I’m just going to be right up front with you, this article is probably going to seem like a love letter to our volunteers at The Right Path, mostly because that’s exactly what it is.
If you have ever volunteered at a nonprofit organization, you know exactly what I’m talking about. People of all ages show up to give their time, energy, and skills, willingly knowing that the only compensation is the joy of serving others. Although if you’re lucky, you might get to witness the difference you’ve made in someone else’s life.
The Right Path has been in operation for over 26 years. The programs are designed to strive consistently to achieve the mission~ “To empower people with disabilities and challenges to reach for their highest potential with the help of a horse.”
During my involvement as a volunteer in the programs over the last decade, and more recently as a full-time employee, I’ve noticed there is one demographic of volunteers that shines a light on its own~our retired crew.

A significant amount of our volunteers are retired from their major roles as nurses, teachers, police officers, mechanics, military, and a variety of other vocations. Together they dedicate themselves to sharing their approach, knowledge, and life experience, continuing to make a positive impact on all those they can reach.
The benefits for participants and other volunteers to be on a team laced with retired professionals and potential mentors is obvious however, my curiosity was aroused~ What’s in it for them?

According to Second Wind Movement (and several other sources), the advantages of volunteering after retirement are exponential. Not only do they get to maintain their sense of purpose (if they choose an organization that is meaningful to them), they put themselves in a position to grow new relationships with people that share their passion. Other benefits include keeping their mind sharp, continuing to learn new skills, promoting happiness and longevity and my personal favorite is the opportunity to bridge generation gaps.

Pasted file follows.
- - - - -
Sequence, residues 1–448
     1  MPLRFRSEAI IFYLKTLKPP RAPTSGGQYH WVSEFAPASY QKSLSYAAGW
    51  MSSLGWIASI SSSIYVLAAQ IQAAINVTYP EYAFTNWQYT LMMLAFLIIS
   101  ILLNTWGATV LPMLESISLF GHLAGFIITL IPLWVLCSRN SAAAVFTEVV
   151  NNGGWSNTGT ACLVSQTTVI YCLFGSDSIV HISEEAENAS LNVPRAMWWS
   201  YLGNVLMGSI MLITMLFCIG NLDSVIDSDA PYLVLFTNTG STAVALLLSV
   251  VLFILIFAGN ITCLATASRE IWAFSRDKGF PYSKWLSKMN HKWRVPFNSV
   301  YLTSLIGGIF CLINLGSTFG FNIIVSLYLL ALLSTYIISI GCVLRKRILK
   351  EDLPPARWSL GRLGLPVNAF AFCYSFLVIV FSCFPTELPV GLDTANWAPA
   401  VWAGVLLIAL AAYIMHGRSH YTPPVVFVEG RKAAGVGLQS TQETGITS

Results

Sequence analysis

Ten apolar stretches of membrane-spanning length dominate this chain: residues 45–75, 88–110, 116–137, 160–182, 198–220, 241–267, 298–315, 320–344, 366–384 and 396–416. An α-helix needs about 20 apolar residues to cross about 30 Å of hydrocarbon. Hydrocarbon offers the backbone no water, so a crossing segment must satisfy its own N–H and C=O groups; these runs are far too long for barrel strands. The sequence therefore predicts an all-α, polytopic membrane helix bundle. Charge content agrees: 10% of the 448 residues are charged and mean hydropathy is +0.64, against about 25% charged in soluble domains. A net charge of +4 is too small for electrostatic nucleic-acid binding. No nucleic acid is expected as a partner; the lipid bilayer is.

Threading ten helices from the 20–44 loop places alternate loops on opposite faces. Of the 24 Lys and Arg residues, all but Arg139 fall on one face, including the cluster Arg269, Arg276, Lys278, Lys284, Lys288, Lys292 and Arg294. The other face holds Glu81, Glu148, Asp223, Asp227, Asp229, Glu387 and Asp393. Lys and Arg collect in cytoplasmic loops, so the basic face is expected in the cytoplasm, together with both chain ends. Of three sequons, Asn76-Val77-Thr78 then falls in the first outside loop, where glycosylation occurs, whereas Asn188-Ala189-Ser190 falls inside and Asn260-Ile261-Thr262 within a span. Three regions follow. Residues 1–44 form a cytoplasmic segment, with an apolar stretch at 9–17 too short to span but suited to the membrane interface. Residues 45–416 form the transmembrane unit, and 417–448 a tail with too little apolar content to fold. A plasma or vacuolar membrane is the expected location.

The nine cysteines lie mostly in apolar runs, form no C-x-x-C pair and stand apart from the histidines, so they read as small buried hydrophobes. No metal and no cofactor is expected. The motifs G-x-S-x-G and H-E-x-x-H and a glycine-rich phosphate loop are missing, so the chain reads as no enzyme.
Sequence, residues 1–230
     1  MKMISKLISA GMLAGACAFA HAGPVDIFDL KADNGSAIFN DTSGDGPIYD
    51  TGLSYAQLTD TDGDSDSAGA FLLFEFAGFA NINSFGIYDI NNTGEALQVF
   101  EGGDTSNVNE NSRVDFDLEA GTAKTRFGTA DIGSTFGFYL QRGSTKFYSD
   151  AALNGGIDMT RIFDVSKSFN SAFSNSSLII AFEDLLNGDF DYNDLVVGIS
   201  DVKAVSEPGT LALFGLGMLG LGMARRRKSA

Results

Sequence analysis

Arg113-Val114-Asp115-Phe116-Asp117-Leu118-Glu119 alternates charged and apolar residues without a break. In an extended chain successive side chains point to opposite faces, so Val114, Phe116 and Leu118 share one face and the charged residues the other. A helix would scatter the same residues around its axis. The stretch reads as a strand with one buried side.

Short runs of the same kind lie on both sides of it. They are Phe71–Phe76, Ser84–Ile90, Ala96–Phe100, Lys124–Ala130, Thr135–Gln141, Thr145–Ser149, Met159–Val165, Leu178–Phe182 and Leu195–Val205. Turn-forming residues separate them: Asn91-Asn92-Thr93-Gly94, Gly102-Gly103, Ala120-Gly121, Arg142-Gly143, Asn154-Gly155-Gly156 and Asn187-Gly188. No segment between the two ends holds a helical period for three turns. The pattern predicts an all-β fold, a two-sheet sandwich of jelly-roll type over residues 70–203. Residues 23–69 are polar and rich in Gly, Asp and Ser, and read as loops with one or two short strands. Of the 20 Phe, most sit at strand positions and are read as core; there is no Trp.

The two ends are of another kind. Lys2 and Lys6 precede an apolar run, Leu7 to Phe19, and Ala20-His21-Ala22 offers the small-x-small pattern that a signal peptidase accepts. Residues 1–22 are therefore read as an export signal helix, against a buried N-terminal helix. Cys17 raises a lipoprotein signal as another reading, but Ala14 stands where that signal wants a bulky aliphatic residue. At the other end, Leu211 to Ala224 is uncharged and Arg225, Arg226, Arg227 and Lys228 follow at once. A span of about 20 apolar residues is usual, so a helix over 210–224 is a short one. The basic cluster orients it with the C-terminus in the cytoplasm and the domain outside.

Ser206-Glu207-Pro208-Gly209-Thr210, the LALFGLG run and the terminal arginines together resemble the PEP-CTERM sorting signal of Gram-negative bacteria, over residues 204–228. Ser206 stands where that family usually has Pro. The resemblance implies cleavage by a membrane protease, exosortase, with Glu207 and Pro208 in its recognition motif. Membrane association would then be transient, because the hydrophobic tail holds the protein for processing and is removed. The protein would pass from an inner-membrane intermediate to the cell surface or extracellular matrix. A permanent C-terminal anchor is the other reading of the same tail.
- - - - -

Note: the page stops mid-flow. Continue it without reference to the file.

If I stood in the middle of the barn at The Right Path and looked for the brightest light, there would be no doubt that I would be staring directly at Leslie Kirkland. She is a retired physical therapist who has returned from retirement to once again take the reins at The Right Path. This non-profit organization is designed so that there is no cost for riders to participate. The programs William’s Walk (that serves children and adults with disabilities and challenges) and Hooves on the Ground (that serves the Veteran Community), started with her dedication and continues to grow because of her drive to leave a legacy that is about bringing people and horses together as a team, to serve others.

As the Executive Director she has created an environment where the details matter, standards are understood, and applied, as well as reviewed if necessary. Nothing is taken for granted when it comes to the safety of the participants, horses, volunteers, and staff.

If you have ever worked alongside Leslie, you know that “It is all about the kids“, everyone else is just along for the ride. It is a beautiful experience to watch Leslie one on one with a struggling child, riding in the cart behind Bud. Even as the child is asking a hundred questions, she is studying their every move, taking note of their responses, looking for ways to advance their social and cognitive skills, then communicating with a team to make a plan of action and celebrate the progression. She also takes time to grow their life skills, confidence, and self-worth while maintaining her own. All that positivity through teaching them horsemanship.

Armed with a cause, the illumination cast by Leslie, her team of volunteers, and the staff is truly inspiring. It is no wonder that so many retired professionals choose the Right Path as their “make a difference“ destination. As a child, I spent lots of time with my grandparents, soaking up their combined knowledge. Even as the herd of siblings scattered, I gravitated toward my elders. Now as an adult, it has been over 20 years since all of my grandmothers passed on, and our horse whisperer Grandpa Dale Strickland was laid to rest last year.

I believe they would be both happy and proud that I landed at a horse ranch surrounded by volunteers, focused on serving the disabled community and veterans.
I would like to send an abundance of appreciation to the pillars in our community that weren’t satisfied with having acquired knowledge they choose to share it with the next generation.

If you or someone you know is looking for a volunteer home or just seeking purpose. The light is on at The Right Path. Please contact our Volunteer Coordinator Stacy Hagins at (918)352-4110 for all your volunteering opportunities or the website for information on donations, events, or becoming a participant. ~With Love Amanda